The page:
A reporter for the Village Voice who was present both nights penned a graphic account—reprinted nationally—that characterized the uprising as an unprecedented turning point for the gay community. Thanks in part to the national attention his coverage received, he proved to be right.
More often than not, however, this attention has centered on white men as the essential players in the LGBT movement—a tendency that marginalizes other queer people. In particular, some accounts of the uprising erase or minimize the participation of drag queens. The 2015 film Stonewall is the most prominent offender. In the film’s telling, a naïve white teenager from Indiana is the hero of the uprising who touches off the melee by being the first to throw a brick. The 1995 movie of the same name fares somewhat better, as it highlights the presence of women and people of color. However, it, too, features a young white male as its protagonist.
The Stonewall uprising did not happen in a vacuum. Over the prior two decades, gay men and lesbians had faced extreme repression. In what is known as “the Lavender Scare,” the U.S. government purged thousands of men and women from federal jobs in the 1950s and 1960s on suspicion of homosexuality.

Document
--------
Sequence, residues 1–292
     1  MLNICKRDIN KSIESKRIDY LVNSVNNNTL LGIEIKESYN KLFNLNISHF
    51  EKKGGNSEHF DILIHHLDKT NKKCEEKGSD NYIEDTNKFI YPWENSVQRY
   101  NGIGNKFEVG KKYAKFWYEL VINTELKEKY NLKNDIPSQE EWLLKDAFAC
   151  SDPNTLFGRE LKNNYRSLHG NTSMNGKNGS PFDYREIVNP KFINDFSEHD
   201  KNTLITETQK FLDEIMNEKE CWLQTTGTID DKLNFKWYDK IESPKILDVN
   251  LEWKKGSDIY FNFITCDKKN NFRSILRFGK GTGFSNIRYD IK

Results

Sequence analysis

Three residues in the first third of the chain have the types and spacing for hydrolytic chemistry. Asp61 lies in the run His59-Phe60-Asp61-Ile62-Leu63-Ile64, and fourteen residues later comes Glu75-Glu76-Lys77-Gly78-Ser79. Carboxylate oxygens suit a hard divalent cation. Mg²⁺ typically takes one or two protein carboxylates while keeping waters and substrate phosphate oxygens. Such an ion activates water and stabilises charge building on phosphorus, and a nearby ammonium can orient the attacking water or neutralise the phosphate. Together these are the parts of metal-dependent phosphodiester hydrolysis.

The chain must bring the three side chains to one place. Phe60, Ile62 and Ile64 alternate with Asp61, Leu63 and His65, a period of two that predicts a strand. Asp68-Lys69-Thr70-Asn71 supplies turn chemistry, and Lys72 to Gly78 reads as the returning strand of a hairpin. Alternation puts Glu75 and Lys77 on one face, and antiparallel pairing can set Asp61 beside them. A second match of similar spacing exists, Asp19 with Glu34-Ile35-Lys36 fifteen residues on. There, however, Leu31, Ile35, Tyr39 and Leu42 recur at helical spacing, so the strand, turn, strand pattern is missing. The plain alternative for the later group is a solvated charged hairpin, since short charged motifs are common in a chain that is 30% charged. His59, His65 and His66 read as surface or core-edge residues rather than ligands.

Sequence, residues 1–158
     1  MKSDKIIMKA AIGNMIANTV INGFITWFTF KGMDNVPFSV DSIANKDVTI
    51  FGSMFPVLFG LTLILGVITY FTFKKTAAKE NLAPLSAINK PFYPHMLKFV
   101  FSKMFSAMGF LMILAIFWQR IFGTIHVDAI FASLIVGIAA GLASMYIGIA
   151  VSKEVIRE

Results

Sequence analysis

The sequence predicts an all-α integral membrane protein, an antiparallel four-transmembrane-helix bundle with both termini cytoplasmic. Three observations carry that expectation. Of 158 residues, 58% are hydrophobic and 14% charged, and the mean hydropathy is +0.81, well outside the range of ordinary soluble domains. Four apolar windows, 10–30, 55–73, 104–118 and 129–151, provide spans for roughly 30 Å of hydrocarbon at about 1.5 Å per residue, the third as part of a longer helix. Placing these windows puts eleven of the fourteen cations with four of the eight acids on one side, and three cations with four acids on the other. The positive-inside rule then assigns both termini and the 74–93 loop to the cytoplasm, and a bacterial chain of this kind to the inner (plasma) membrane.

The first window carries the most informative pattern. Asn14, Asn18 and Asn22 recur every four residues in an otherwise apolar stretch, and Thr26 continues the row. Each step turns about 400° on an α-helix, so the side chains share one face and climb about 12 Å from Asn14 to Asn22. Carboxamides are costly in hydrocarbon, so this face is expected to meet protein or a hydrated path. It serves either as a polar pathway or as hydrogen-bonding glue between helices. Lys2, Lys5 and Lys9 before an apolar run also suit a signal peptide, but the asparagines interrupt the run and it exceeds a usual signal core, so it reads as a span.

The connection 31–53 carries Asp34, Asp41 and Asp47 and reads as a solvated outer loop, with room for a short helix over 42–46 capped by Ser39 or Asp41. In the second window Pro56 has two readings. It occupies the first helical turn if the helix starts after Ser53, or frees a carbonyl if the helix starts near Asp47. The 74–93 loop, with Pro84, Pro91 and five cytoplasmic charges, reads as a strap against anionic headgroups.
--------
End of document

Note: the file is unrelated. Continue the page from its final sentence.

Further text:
During the same decades, courts routinely stripped parental rights from lesbian mothers and gay fathers. And in cities across the country, police departments subjected lesbian and gay establishments—primarily bars—to surveillance and harassment. The raid on the Stonewall Inn was one of many; a regular and unremarkable event to its patrons.
Still, a hesitant gay and lesbian movement was taking shape.
In the mid-1950s, so-called “homophile” groups–the male-focused Mattachine Society and the lesbian organization the Daughters of Bilitis–formed in a handful of major cities. For the most part, the homophiles stressed respectability, and early on they focused more on social activities than on political organizing. As the 1960 progressed, they organized some peaceful pickets, but even then, they aimed to present themselves as not much different from their straight counterparts.
By the end of the 1960s, the black freedom struggle and anti-Vietnam War protests, along with an emerging counterculture, had galvanized a new generation of activists fighting for social justice. The new lesbian and gay radicalism was rooted in this milieu.